From dusk to dawn for 96 years, an octagonal Fresnel lens beamed from atop the Sandy Point Shoals lighthouse here. For the nocturnal sailors of the Chesapeake, this lens was an essential navigating tool. To antique collectors, it was a priceless jewel that belonged in a museum.

But one day this summer, a vandal caught a glimpse of the irreplaceable French lantern and decided it was simply another breakable object. He turned it into a thousand useless shards of glass with several violent swings of a baseball bat.

There are 20 lighthouses still beaming over the Chesapeake Bay from the Virginia Capes to Havre de Grace and in recent summers the vandals and thieves have gotten to almost all of them. Carson M. Hooper, the U.S. Coast Guard official in charge of navigational aids on the bay, said the problem has grown "substantially worse" year by year.

This summer alone, according to the Coast Guard, there have been 60 acts of vandalism and theft at the lighthouses, buoys, day-beacons and light towers. The replacement value for the destroyed or stolen items totals nearly $50,000. And there is no replacement price for the Fresnel lens. They do not make crystal lenses anymore. The new ones are made of acrylic.

A baseball bat is not the usual tool of destruction. Rather, the lighthouses are more often defaced at a distance by prankish youths armed with BB guns or by older hunters with shotguns. For the aimless hunter, a buoy or lighthouse is just another target, like a tin can or mailbox.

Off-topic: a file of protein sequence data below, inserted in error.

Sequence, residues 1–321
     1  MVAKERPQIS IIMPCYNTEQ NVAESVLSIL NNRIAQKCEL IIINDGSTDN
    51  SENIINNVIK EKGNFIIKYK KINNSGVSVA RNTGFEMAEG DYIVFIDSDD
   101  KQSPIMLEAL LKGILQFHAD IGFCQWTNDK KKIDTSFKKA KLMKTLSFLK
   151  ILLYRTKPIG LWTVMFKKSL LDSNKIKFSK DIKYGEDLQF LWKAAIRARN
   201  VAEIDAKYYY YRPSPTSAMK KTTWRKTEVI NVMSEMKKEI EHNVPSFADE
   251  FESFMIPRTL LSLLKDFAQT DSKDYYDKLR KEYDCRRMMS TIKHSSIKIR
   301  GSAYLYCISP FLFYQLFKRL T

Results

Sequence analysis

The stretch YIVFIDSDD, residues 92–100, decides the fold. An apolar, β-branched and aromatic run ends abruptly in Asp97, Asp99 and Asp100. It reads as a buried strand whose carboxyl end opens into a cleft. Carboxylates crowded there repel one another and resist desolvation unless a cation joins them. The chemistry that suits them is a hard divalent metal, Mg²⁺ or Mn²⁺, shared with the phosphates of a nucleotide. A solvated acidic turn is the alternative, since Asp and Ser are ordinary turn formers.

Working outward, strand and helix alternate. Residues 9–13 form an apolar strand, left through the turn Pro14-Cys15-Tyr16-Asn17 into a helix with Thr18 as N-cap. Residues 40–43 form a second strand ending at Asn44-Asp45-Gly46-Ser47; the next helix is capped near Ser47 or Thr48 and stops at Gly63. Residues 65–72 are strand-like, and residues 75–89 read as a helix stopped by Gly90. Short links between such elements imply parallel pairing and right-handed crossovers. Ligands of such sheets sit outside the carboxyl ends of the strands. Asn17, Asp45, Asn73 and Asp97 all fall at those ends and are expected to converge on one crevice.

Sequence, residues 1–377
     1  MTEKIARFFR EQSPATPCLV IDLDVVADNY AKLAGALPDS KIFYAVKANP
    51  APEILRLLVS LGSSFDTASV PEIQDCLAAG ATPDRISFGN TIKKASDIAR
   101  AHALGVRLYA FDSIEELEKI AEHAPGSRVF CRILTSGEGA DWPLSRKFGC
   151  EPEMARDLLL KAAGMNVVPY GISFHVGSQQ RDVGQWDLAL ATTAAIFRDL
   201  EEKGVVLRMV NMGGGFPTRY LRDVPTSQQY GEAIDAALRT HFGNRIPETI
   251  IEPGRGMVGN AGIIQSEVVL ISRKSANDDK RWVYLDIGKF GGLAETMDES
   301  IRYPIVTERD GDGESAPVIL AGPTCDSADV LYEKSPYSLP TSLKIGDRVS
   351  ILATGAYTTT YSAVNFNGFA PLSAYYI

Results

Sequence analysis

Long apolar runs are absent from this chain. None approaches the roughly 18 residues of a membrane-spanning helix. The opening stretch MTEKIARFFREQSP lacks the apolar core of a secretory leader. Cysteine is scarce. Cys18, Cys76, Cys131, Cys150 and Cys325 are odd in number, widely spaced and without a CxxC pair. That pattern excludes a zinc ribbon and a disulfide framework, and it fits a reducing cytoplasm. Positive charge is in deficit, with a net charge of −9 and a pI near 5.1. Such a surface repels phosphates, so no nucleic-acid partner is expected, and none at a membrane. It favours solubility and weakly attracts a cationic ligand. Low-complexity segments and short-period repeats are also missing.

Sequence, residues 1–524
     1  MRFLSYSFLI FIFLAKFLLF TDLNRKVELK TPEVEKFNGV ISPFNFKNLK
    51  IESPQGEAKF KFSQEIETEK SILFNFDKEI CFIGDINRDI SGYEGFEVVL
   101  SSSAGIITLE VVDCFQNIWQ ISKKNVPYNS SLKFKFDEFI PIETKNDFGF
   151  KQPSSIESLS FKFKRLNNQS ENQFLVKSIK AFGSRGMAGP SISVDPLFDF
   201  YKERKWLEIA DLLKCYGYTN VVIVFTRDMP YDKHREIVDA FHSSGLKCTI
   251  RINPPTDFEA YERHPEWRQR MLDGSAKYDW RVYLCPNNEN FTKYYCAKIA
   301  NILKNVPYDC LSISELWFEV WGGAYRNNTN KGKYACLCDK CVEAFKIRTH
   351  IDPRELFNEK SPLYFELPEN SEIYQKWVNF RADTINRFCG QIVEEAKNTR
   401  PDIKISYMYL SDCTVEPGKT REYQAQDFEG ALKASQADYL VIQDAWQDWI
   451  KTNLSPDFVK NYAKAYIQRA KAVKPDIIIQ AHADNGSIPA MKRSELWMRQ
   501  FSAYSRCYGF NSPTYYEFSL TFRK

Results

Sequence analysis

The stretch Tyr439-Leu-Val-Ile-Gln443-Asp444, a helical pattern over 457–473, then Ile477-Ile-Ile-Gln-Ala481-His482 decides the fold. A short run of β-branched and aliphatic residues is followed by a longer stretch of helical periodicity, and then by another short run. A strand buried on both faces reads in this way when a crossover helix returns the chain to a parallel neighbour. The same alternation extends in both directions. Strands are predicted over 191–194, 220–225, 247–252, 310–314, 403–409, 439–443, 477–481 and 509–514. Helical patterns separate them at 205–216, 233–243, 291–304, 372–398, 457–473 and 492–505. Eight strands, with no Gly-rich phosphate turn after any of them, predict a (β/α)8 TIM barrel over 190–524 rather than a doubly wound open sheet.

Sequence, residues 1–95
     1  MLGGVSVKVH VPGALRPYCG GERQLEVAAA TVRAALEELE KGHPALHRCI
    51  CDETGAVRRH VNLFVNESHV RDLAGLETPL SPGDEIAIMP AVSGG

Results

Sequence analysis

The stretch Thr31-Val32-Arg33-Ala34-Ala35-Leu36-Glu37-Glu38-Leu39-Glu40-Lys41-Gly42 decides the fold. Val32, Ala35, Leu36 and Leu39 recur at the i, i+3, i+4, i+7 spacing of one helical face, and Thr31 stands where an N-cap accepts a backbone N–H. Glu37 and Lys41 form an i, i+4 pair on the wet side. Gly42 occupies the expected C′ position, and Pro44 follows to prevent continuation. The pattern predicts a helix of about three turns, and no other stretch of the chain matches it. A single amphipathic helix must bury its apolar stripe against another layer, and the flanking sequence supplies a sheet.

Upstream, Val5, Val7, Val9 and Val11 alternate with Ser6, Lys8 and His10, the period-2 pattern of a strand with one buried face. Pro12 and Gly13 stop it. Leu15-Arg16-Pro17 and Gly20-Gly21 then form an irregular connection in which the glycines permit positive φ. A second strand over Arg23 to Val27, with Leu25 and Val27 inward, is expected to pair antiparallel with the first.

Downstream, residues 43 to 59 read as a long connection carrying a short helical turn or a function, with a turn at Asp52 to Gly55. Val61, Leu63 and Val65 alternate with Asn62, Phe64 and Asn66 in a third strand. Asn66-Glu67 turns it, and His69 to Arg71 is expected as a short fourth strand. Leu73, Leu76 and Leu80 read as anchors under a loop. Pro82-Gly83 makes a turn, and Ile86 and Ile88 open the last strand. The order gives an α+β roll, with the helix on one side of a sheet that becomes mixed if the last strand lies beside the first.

This year, three lighthouses have been the main targets of vandals - Sandy Point, Turkey Point in the upper bay near Aberdeen, and Fort Washington on the Potomac River. At Turkey Point, gunshot blasts have twice smashed the light's acrylic lens, its batteries have been broken and lead wires stolen, according to Dale Dakin, a Coast Guard machinist. In each case, the light was out for a day, endangering the passing ships.

Of the 20 lighthouses, only three have full-time keepers. Ella Mae Keagle, 74, a third-generation lighthouse keeper from Annapolis, says that there would be less vandalism if all the lighthouses were manned. "Nothing like this would happen if there had been a keeper," she said.

Coast Guard officials agree, but argue that advanced navigational technology has, in the words of Hooper, "made lighthouses not as necessary as they used to be." He said the Coast Guard is gradually phasing out the last three manned lighthouses on the bay. CAPTION: Picture 1, Through the haze of a summer heat, the Sandy Point Light continues to shine, but with a temporary light. Photos by James M. Thresher - The Washington Post; Picture 2, Dale Dakin, of the Coast Guard, examines damage.